Acute lower respiratory infections in childhood: opportunities for reducing the global burden through nutritional interventions

Estimation of the global burden of child mortality attributable to undernutrition has played a crucial role in refocusing the attention of researchers and policy-makers on the importance of optimal maternal–child nutrition for promoting neonatal, infant and child survival,13 including the prevention of mortality due to severe acute lower respiratory infection (ALRI).25 To advance the public health application of knowledge about the interrelated burdens of childhood ALRI and poor nutrition in developing countries, we have critically reviewed available data regarding the efficacy and effectiveness of specific nutritional interventions for reducing global childhood ALRI incidence, morbidity and ALRI-specific mortality. This review included meta-analyses and large-scale randomized controlled trials of micronutrient supplementation, breastfeeding promotion, complementary food provision or counselling, and antenatal nutritional interventions, in which at least one childhood ALRI outcome (incidence, morbidity or mortality) was measured. Smaller studies or those with non-randomized designs were included where higher-quality data were unavailable. The literature review was based primarily on several systematic reviews that formed the evidence base for the Lancet Undernutrition Series (LUS) published earlier this year (available at: To include articles published after completion of the systematic reviews, we searched PubMed (1990–January 2008) and reference lists of selected recent articles published on each topic. PubMed search terms included nutrient-specific keyword(s) and a string that broadly captured childhood ALRI-related articles (“ALRI” OR “ARI” OR “pneumonia” OR “lower respiratory tract infection” OR “lower respiratory infection” OR “bronchiolitis” OR “bronchopneumonia” OR “morbidity” OR “mortality”) without age or language restrictions. Titles/abstracts were scanned for relevant interventional studies or key supportive articles, for which full-text articles were retrieved.

ALRI outcome definition

As there is no standard definition of childhood ALRI,6 studies were included if they applied an outcome definition incorporating at least one specific lower respiratory tract sign reported by a caregiver or study personnel (fast or difficulty breathing, chest wall indrawing) and/or abnormal auscultatory findings (crackles/crepitations or bronchial breath sounds). Authors occasionally differentiated ALRI subtypes on the basis of wheeze versus crepitations/crackles (probable bronchiolitis versus pneumonia, respectively); however, viral diagnostics, isolation of pathogenic bacteria from a sterile fluid (i.e. blood culture, lung aspirate), or unequivocal radiographic findings (i.e. lobar consolidation or pleural effusion) were not documented in the reviewed trials.

Burden of disease

Estimates of the burden of ALRI attributable to selected nutritional factors were extracted from an analysis performed for LUS3,7 [where “burden” refers to ALRI-related deaths and disability-adjusted life years (DALYs) lost], and are discussed in the context of related interventions. The ALRI-specific attributable fractions (Table 1) were not reported in LUS.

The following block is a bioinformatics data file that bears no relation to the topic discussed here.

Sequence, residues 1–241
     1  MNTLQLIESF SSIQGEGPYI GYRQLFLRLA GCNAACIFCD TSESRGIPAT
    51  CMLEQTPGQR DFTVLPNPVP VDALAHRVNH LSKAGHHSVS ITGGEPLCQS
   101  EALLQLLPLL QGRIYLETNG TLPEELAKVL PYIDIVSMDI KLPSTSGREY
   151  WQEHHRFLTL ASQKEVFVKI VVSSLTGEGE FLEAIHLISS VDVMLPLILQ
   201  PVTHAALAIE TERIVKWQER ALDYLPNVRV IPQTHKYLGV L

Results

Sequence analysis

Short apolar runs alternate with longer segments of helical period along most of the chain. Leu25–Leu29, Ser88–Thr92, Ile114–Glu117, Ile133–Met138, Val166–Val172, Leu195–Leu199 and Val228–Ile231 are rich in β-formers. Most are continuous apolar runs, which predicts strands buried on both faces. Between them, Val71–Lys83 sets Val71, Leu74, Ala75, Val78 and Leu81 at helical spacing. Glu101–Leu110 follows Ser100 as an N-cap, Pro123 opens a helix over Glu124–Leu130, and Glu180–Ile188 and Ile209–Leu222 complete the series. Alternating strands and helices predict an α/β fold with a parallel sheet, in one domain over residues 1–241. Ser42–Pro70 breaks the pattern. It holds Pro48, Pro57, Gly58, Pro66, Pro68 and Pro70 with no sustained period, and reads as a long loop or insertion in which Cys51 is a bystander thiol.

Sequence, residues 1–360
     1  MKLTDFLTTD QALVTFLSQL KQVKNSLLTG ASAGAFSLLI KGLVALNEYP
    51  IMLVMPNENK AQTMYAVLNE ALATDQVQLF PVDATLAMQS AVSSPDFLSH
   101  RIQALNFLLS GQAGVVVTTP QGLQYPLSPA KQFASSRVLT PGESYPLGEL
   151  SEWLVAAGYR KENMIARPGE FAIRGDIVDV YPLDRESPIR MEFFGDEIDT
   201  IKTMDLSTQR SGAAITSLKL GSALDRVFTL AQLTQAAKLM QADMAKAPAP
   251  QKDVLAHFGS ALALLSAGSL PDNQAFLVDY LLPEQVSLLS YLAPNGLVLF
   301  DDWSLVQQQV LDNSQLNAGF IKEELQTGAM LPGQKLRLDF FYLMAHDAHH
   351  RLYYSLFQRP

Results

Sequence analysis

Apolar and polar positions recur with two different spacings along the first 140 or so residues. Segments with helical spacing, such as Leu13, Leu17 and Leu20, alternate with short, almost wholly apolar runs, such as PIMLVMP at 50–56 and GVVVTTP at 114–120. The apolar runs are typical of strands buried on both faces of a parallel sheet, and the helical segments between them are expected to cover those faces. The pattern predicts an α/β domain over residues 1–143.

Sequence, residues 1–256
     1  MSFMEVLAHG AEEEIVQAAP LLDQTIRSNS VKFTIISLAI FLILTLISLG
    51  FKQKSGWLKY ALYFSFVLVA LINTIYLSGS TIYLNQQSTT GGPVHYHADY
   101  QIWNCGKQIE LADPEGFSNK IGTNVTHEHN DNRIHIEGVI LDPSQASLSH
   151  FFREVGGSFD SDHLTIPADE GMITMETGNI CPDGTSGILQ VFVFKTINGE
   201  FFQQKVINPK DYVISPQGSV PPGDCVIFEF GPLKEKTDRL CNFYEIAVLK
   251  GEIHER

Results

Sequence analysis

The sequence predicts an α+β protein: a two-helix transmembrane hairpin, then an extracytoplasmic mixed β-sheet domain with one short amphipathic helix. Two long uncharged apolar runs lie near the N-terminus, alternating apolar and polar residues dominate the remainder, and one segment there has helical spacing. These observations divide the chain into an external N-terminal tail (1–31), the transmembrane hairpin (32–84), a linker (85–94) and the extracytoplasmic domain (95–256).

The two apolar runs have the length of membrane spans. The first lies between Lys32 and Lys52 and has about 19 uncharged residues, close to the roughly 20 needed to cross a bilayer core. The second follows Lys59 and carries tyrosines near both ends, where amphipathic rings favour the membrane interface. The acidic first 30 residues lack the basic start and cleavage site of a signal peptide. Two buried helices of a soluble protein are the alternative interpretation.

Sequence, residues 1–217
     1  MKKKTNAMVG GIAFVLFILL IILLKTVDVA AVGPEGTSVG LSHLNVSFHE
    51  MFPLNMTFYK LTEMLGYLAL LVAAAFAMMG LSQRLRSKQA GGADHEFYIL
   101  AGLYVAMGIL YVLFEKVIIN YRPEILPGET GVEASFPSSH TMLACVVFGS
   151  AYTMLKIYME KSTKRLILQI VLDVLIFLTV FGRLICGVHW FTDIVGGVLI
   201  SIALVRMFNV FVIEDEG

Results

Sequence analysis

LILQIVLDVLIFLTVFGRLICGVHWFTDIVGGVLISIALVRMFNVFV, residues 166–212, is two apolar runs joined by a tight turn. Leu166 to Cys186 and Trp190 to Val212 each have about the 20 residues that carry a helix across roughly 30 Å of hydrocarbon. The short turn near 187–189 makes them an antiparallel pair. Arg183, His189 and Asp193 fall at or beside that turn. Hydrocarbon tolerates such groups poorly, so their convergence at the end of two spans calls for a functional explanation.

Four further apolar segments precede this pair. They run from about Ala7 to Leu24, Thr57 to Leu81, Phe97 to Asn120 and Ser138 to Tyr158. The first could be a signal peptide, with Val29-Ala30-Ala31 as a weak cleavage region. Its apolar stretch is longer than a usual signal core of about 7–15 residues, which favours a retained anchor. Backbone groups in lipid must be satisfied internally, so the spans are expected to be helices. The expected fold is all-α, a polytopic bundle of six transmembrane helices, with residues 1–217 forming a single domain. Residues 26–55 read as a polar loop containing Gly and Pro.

Breastfeeding promotion

A lack of exclusive breastfeeding in the first half of infancy is a risk factor for ALRI incidence, morbidity and death.3,5 In the LUS analysis,3 approximately 44% of infection-related neonatal deaths/DALYs (including those due to ALRI) and 20% of postnatal ALRI deaths/DALYs lost were attributed to suboptimal breastfeeding (Table 1). A causal effect of breastfeeding is plausible given the maternal–infant transfer of innate immune effectors (e.g. lactoferrin, lysozyme, secretory IgA, leukocytes)8 and influences of breast milk on immune-system maturation.9 Breastfeeding may enhance the antibody response to important pneumonia-causing pathogens (e.g. pneumococci, Haemophilus influenzae),10 but the specific mechanisms by which breastfeeding ameliorates ALRI resistance are less obvious than those that underlie diarrhoea risk reduction.

Eliminating the fraction of the ALRI burden due to suboptimal breastfeeding relies on effective breastfeeding promotion and education; however, few studies have quantified the effect of breastfeeding programmes on ALRI risk reduction.11 Four studies that reported respiratory outcomes did not distinguish upper and lower respiratory tract infections.1215 PROBIT, a large cluster-randomized trial of breastfeeding promotion (based on the WHO baby-friendly hospital initiative) in Belarus,16 was the only study from which an effect of breastfeeding promotion on ALRI outcomes could be inferred. Success of the promotion efforts was evidenced by increased breastfeeding continuation and a significant 40% decrease in diarrhoea incidence in the intervention group. The trial showed a 15% decrease in respiratory-disease-related hospitalizations (presumably due to ALRI), but despite the large sample size (n = 17 046) and high event rate (20.5% of infants in control arm had ≥ 1 respiratory disease hospitalization), the reported confidence intervals crossed the null after adjustment for confounders and design effects (Table 2).

The overall benefits of breastfeeding promotion are now widely accepted, and it seems doubtful that future similar trials will be deemed ethical or be more rigorously conducted than PROBIT, even though the magnitude of the effect might differ across populations or alternative behaviour-change strategies. Therefore, we concluded that the benefit of breastfeeding promotion on ALRI morbidity in PROBIT was consistent with observational data, and alongside the other known health benefits of breastfeeding (e.g. diarrhoea prevention, lactational amenorrhoea), reinforces the need to continue to support breastfeeding promotion policies and programmes in resource-poor settings.